The lucerne trees are reverberating with crackling seedpods
and aggregating grasshoppers, each tendril brash and volatile.
Below the twists, the screws of charcoal seedpods working contents
out to drop into the dust below, ants collecting black teardrops.
And into the cool heat, the meltdown of senses, a flock – a family? –
of fledgling inland thornbills, rippling positive-negative of chests,
as big as my eye when I watch through fissures and gaps in foliage,
as they vacate rapidly to leave one behind thinking – surely –
one inland thornbill on its own in uneasy balance with me,
waiting for the vibration trip-switch to change the setting,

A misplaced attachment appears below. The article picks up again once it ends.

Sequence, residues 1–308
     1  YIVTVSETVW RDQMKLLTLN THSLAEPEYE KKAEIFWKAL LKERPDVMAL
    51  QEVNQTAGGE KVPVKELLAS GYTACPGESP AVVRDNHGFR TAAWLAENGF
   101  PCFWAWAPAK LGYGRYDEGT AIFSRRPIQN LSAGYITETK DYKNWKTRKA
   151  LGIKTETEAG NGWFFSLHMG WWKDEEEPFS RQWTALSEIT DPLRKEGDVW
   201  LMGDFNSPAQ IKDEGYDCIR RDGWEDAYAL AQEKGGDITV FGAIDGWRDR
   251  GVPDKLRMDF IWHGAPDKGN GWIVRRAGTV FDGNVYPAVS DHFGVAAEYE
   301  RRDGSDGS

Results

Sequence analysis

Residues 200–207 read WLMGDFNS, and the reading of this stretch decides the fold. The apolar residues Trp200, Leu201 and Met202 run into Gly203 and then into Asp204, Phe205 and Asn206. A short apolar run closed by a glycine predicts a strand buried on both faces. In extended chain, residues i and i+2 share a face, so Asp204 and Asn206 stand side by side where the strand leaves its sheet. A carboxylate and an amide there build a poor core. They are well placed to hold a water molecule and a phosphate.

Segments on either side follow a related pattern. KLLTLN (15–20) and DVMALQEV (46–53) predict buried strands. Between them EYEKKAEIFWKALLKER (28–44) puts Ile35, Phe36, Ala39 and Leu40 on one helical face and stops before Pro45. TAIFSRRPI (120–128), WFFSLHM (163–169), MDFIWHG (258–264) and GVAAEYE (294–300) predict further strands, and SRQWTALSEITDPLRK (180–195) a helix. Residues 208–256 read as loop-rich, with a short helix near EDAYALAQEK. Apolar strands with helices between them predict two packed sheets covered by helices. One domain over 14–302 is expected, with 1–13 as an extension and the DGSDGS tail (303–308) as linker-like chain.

studying me with an eye bigger than the ambitions
of the greediest humans, bigger even than the final
voids gifted by miners,
John Kinsella’s selected poems, Drowning in Wheat, is published by Picador. His latest collection, The Wound, is published by Arc.
This article appears in the 06 Jun 2018 issue of the New Statesman, The Nuclear Family